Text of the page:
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Oct 26 2017

Licensed Vocational Nurse: Salary, Duties and Requirements #licensed #vocational #nurse: #salary, #duties #and #requirements


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Licensed Vocational Nurse: Salary, Duties and Requirements

Licensed Vocational Nurse Salary and Job Outlook

According to the U.S. Bureau of Labor Statistics, licensed vocational nurses earned a median of $43,170 in 2015. In the same year, the highest-paid ten percent earned $59,510 or more, while the lowest-paid ten percent earned $32,040 or less. In 2014, the BLS predicted 16% growth of employment for licensed vocational nurses through 2024, which is faster than average.

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Job Duties

LVNs are typically responsible for monitoring patients’ vital signs, including their blood pressure, pulse, respiration, temperature, height and weight. Other tasks that LVNs are responsible for include giving enemas, recording intake and output of foods and fluids, collecting samples for testing, maintaining equipment, dressing wounds, treating bedsores and giving massages. They also assist patients in getting dressed, bathing, eating, walking and standing.

Since LVNs have a lot of direct contact with patients, they record and update patient histories, keep track of how they are feeling and monitor their responses to medications and treatments. LVNs may use this information to fill out paperwork, such as insurance forms, referrals and pre-authorizations, and to inform doctors and RNs so that they may determine the best course of care for a patient. Some LVNs also perform laboratory tests, assist in the delivery of and care for infants, administer medications and start intravenous fluids (IVs).

Requirements

LVNs must graduate from a vocational nursing program. These programs are usually offered by community colleges and vocational schools, and they usually take about one year to complete. Students enrolled in these programs receive training both in the classroom and in a clinical environment. Subjects covered typically include anatomy, physiology, nutrition, pharmacology, first aid, obstetrics, pediatrics, medical-surgical nursing and patient care. However, some employers may require completion of a 2-year associate’s degree program, which would also include general education courses such as English, mathematics, social science and humanities.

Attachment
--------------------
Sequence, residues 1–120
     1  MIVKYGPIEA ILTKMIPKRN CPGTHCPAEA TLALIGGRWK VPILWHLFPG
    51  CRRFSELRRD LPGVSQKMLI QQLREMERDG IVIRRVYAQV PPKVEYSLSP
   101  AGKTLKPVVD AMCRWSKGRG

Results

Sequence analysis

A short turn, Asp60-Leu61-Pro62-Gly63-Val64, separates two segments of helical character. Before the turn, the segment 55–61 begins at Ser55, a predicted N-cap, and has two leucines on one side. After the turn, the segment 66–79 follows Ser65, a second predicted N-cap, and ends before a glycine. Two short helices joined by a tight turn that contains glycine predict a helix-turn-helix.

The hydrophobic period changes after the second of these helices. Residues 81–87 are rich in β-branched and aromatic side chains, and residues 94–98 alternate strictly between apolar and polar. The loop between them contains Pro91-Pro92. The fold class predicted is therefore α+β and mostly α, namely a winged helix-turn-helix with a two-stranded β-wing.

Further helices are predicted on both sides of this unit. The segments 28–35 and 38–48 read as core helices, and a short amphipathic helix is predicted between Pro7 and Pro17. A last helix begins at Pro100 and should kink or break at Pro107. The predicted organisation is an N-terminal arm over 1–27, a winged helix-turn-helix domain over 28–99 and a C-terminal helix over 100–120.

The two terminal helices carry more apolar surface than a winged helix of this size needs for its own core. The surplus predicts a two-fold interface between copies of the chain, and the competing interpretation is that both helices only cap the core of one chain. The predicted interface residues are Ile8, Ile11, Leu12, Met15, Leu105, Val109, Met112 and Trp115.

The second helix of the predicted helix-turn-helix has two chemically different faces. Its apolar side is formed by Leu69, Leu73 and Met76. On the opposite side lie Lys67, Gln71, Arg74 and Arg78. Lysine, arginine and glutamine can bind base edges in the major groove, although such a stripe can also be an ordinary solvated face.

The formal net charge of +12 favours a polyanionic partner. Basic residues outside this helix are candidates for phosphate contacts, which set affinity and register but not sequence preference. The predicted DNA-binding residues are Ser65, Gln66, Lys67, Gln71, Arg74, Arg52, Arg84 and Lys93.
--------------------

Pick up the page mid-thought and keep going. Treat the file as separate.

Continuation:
Those who have graduated from state-approved training programs and have completed other state eligibility requirements for licensure must take the National Council Licensure Examination in practical nursing (NCLEX-PN) to become licensed. This exam is given by the National Council of State Boards of Nursing (NCSBN) and is computer-based. LVNs and LPNs may also be required by some states and employers to complete continuing education credits at regular intervals.

Those who are interested in becoming a licensed vocational nurse should attend a vocational nursing program offered through a community college or vocational school. They will also need to pass a licensing exam given by the NCSBN. The majority of their work consists of monitoring patients, updating patient information, and assisting patients as needed.

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3 Ashford University

Minimum eligibility requirements:
  • Must be 18 years of age or older
  • Programs offered by Ashford and listed below may not be related to the topic covered by the above article.
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  • Doctor of Nursing Practice (DNP)
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  • M.S. in Nursing: Nursing Education
  • MBA: Health Systems Management
  • MS in Health Care Administration
  • MS in Nursing: Nursing Education
  • BS in Nursing (Registered Nurse – R.N. to BSN)
  • BS in Health Care Administration
  • BS in Health Sciences: Professional Development & Advanced Patient Care
  • Bachelor of Science in Behavioral Health Science
  • View more

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